The correction, to be sure, is that the Boatwrights were already bearing the stigma of being known around town as “white-trash”. This is a label that they couldn’t escape from. Anney’s trials to get the corrected birth certificate for her daughter is quite significant — a 15 year old still having a naive & innocent hope that the label of “white trash” could still be escaped & overcome.

    I come from the Piedmont of the Carolinas & to say that “these people” are “trainwrecked” is quite disrespectful. It’s a shame that you only offer a “skimming” of this novel because a full read would prove that they are not trainwrecked at all, yet a Southern family shown in raw reality, with their love, loyalty and endurance to live underpinning the story. If you read Allison’s other essays, she writes vividly about the affects of the different classes that referred to her and her family as “those people” & “trainwrecked”. It really is a question of class that still persists today.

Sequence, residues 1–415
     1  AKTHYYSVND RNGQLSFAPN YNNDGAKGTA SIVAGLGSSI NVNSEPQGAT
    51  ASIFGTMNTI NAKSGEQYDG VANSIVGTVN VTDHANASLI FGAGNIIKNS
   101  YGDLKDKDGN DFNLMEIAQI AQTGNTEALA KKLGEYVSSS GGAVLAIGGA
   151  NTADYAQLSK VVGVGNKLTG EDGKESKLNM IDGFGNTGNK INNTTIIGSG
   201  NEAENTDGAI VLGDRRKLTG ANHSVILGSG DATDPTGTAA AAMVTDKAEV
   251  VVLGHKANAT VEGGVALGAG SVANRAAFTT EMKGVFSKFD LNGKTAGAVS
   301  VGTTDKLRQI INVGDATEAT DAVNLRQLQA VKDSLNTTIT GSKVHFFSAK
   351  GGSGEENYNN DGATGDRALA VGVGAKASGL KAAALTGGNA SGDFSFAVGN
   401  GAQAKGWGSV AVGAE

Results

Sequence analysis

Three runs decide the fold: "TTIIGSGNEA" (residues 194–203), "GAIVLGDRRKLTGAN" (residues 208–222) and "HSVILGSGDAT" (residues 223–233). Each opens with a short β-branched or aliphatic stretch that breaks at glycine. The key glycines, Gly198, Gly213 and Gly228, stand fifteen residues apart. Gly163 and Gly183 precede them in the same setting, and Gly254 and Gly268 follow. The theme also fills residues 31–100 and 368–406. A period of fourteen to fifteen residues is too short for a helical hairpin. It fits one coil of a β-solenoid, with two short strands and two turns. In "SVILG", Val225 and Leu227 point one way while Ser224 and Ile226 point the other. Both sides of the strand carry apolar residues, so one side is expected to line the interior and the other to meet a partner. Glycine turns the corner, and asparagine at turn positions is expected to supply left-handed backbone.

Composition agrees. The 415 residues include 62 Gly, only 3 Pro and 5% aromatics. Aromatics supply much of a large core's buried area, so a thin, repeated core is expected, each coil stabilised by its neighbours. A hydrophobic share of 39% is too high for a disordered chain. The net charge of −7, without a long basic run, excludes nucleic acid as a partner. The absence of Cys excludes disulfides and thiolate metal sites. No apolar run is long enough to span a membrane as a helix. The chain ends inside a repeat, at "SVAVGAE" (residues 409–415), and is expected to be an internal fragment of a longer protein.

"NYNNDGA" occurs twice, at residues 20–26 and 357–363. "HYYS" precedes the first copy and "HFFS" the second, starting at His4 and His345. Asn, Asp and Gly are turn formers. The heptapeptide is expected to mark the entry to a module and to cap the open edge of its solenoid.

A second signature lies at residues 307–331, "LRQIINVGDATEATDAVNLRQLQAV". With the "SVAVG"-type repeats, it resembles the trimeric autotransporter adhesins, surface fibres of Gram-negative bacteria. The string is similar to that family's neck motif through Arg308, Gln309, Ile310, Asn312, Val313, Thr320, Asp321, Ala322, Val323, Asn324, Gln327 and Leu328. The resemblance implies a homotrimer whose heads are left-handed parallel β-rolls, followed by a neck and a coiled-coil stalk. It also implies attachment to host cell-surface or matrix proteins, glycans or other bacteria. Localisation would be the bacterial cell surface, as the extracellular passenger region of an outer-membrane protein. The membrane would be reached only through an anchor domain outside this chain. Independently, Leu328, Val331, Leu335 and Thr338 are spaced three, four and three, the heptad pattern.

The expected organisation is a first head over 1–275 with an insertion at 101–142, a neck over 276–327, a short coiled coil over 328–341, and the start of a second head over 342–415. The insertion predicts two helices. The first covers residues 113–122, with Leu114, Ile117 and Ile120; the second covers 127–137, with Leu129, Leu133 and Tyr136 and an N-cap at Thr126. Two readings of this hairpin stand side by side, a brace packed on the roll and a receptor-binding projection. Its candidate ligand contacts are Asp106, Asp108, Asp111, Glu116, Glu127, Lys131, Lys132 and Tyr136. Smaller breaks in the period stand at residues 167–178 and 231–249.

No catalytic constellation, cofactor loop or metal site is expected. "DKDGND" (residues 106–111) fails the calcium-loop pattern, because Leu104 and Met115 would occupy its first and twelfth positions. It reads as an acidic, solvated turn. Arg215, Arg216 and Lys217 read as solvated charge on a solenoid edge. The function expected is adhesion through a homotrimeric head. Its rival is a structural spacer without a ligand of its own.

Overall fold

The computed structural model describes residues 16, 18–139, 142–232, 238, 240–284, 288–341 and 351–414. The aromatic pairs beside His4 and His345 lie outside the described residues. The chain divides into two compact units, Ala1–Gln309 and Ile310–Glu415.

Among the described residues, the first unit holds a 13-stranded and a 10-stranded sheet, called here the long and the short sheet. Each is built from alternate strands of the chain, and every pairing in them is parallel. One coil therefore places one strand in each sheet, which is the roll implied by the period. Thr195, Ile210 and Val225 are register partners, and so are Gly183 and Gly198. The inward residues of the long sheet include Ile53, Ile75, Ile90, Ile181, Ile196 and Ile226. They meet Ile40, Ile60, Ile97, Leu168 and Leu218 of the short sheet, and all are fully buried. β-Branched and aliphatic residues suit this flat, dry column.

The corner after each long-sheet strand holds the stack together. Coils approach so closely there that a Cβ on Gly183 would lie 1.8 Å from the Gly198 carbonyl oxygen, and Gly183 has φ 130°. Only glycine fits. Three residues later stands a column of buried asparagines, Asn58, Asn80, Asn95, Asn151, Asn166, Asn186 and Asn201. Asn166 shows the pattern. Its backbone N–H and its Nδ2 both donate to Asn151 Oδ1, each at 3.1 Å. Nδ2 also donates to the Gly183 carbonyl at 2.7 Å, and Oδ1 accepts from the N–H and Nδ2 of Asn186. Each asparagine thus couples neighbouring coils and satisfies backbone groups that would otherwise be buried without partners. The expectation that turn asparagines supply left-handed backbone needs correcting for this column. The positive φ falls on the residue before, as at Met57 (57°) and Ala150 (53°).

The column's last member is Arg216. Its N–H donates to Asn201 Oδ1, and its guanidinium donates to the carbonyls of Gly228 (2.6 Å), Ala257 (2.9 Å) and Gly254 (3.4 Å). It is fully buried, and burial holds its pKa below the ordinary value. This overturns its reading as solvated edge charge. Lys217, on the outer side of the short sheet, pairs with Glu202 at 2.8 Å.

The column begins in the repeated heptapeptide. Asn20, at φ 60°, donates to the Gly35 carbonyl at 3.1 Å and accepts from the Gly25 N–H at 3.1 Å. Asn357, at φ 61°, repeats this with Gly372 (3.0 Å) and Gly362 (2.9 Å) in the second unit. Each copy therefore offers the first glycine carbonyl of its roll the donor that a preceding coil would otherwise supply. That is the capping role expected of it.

13. […] A book that you never want to read again: Bastard Out of Carolina Dorothy Allison […]

  14. I just finished this yesterday and I agree with most everything you said. I wasn’t sure why it was SO PRAISED. I also wasn’t sure if I loved the book, hated the pacing, or the other way around. I’m still unsure about how I feel with this one. I enjoyed your review though.